That’s almost double Embiid’s and Antetokounmpo’s on-off splits. It speaks to Curry’s massive value even when he’s not making shots. The Warriors have the second-best record in the league and Curry is still within striking distance if he heats up the rest of the way and Golden State finishes with the No. 1 seed. 

But for now, Curry is being punished a bit by his own standards. Anyone else averaging over 25 points per game while shooting 38 percent from 3 on over 12 attempts per game, with those on-off splits, on the team with the second-best record in the league who has played most of the season without Klay Thompson, would be having a career year. But for Curry, it’s his worst shooting year ever, and the discussion around that is chipping away at his MVP case. 


If you have Giannis ahead of Curry, Caesars agrees with you. Antetokounmpo is +350 to win his third MVP, better than Curry’s +450, largely on the strength of having scored at least 25 points in 17 straight games. 

Since returning from about a two-week COVID absence on Christmas, Giannis is averaging 31.7 points, 10.9 rebounds and 6.2 assists. That last number is telling. His playmaking has become an honest weapon. 

What could hold Giannis’ case back is that over those 17 games since Christmas, the Bucks have gone just 10-7. They’re tied in the loss column with the Cavs for the No. 5 seed. When Giannis, Khris Middleton and Jrue Holiday have all been on the court, the Bucks have been elite. But take those two off and the Bucks are only plus-1.6 per 100 with a 30th-percentile offense, per CTG, with Giannis as the sole star.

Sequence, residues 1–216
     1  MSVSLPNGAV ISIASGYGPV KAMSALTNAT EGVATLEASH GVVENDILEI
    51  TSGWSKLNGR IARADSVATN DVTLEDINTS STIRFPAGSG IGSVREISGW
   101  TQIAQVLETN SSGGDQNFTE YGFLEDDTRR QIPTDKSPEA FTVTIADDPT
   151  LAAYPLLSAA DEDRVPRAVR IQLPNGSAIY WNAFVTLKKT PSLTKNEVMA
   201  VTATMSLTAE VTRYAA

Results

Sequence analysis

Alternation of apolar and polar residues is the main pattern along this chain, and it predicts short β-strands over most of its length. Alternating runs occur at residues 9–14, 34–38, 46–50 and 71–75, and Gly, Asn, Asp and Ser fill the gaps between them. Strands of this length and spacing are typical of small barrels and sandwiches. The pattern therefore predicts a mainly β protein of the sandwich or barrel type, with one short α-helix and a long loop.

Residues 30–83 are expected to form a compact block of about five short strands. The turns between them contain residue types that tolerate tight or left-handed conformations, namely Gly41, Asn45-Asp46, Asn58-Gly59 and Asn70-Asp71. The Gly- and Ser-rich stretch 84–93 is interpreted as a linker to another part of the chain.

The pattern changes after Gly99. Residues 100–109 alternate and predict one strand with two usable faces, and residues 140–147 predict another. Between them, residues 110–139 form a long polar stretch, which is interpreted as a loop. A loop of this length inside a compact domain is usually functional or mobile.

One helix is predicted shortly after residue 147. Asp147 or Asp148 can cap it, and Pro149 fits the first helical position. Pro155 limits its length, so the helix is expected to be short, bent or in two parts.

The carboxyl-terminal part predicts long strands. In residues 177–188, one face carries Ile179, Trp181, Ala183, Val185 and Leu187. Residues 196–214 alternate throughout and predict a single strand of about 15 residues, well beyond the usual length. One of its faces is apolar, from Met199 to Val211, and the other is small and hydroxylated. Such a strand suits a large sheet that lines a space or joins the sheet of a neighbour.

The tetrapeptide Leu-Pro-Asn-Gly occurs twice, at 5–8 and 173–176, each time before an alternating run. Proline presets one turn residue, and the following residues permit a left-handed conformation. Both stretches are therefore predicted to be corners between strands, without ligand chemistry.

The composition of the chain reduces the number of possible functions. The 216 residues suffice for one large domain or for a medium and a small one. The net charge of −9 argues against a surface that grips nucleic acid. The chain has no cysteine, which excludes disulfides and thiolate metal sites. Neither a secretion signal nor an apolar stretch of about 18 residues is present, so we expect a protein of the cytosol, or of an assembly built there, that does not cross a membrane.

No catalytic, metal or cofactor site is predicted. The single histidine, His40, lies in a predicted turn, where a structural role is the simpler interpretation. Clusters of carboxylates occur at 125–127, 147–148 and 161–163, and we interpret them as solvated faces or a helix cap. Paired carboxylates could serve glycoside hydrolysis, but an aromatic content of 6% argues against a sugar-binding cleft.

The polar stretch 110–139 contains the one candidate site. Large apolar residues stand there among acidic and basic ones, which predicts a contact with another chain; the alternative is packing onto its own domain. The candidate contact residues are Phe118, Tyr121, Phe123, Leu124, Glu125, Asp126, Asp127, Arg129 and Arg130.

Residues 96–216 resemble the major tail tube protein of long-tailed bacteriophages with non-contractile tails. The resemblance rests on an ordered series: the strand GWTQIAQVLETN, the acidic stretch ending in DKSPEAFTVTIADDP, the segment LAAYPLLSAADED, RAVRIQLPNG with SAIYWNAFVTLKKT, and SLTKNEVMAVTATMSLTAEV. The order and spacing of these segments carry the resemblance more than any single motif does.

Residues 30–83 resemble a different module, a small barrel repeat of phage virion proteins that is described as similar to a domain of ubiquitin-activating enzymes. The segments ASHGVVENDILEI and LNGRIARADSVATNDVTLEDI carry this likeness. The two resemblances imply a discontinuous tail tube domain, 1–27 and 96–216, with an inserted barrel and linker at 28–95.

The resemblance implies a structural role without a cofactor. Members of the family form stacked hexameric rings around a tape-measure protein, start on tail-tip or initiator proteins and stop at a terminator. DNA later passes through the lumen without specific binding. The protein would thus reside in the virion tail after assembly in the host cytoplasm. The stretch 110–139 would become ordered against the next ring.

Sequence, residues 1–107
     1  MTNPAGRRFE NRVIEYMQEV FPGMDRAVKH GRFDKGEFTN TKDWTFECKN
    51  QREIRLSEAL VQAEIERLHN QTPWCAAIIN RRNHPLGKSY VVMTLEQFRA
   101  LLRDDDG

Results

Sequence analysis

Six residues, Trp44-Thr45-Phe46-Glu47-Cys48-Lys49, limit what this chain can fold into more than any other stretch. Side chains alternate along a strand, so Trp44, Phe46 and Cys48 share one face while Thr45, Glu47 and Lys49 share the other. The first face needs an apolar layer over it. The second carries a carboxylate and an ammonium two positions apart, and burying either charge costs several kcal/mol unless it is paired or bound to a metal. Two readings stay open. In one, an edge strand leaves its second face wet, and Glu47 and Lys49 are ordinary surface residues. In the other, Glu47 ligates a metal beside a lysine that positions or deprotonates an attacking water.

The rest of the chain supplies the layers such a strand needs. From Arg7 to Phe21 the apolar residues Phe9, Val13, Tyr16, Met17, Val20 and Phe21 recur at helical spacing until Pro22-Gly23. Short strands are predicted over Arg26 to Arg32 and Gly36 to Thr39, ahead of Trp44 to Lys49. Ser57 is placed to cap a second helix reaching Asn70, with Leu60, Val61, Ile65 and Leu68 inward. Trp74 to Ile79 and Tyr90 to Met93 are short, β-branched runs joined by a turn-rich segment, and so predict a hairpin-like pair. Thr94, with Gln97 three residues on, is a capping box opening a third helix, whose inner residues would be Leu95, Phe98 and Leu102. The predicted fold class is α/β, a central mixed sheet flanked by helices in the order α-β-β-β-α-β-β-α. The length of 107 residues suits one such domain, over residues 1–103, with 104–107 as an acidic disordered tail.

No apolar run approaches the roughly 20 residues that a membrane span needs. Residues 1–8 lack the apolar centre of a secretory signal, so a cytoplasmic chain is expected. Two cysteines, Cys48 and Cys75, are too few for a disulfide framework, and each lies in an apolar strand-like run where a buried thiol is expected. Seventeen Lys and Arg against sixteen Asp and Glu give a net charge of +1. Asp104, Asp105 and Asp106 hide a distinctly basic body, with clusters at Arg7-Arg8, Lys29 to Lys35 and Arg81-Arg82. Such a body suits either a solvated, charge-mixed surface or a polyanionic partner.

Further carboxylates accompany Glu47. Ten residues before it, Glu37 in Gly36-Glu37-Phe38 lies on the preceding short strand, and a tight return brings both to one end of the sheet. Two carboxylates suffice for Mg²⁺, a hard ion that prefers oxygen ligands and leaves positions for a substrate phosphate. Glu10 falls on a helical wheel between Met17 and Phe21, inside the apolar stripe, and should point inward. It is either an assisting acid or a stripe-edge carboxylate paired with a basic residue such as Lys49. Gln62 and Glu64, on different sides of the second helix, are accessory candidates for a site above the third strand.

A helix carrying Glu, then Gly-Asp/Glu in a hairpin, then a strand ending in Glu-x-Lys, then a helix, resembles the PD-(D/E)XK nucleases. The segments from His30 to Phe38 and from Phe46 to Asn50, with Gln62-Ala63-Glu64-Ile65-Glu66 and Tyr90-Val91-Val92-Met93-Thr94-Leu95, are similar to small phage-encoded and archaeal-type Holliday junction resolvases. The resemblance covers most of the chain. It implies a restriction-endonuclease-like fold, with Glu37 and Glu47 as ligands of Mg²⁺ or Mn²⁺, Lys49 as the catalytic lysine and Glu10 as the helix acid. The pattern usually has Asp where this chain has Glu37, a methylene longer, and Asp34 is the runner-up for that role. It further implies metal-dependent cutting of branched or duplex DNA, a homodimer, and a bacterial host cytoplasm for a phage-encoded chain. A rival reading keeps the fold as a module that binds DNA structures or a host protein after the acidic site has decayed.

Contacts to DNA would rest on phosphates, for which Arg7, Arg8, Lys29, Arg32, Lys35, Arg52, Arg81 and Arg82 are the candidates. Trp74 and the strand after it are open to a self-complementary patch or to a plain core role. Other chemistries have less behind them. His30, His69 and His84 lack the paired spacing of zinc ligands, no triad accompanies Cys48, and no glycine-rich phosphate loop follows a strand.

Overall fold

That’s kind of a filthy number with all kinds of context required, but we’re splitting hairs here. What Jokic and Embiid are doing under similarly trying circumstances is just a little more impressive, and again, Curry’s on-off splits are almost double Antetokounmpo’s as of Friday. 


Morant has been great all season, but part of this is recency bias. The momentum around him has exploded of late, and for good reason: Since Christmas, Morant is averaging 29-6-6 on just under 50-percent shooting with a wheelbarrow full of jaw-dropping highlights, which matters. There isn’t a more electric player in the league right now. Voters are human. 

Most important, the Grizzlies — at plus-8.2 in Morant’s minutes since Christmas, nearly identical to Embiid’s mark in Philly — are comfortably No. 3 in the West at 36-18, and they’re 15-6 since Morant returned from injury/COVID. Throw out the two games he looked like he was just getting his legs and rhythm back, and that record goes to an impressive 15-4 with a 10-game win streak mixed in. 

That’s when Morant started opening MVP eyes. It’s similar to all the momentum that was around DeMar DeRozan prior to Morant’s surge. DeRozan’s clutch scoring was all the rage. Now that narrative has sort of died off even if DeRozan has still been great. 

At the end of the day, I just don’t think DeRozan can credibly compete for MVP when you’re not even sure he’s the best player on his own team, as Zach LaVine has a strong case. Same for Devin Booker and Chris Paul. If Stephen Curry and Kevin Durant are going to split votes, then these duos aren’t going to fare any better. 

Morant is the lone star on a wildly charismatic team. He’s the guy to watch, literally and figuratively.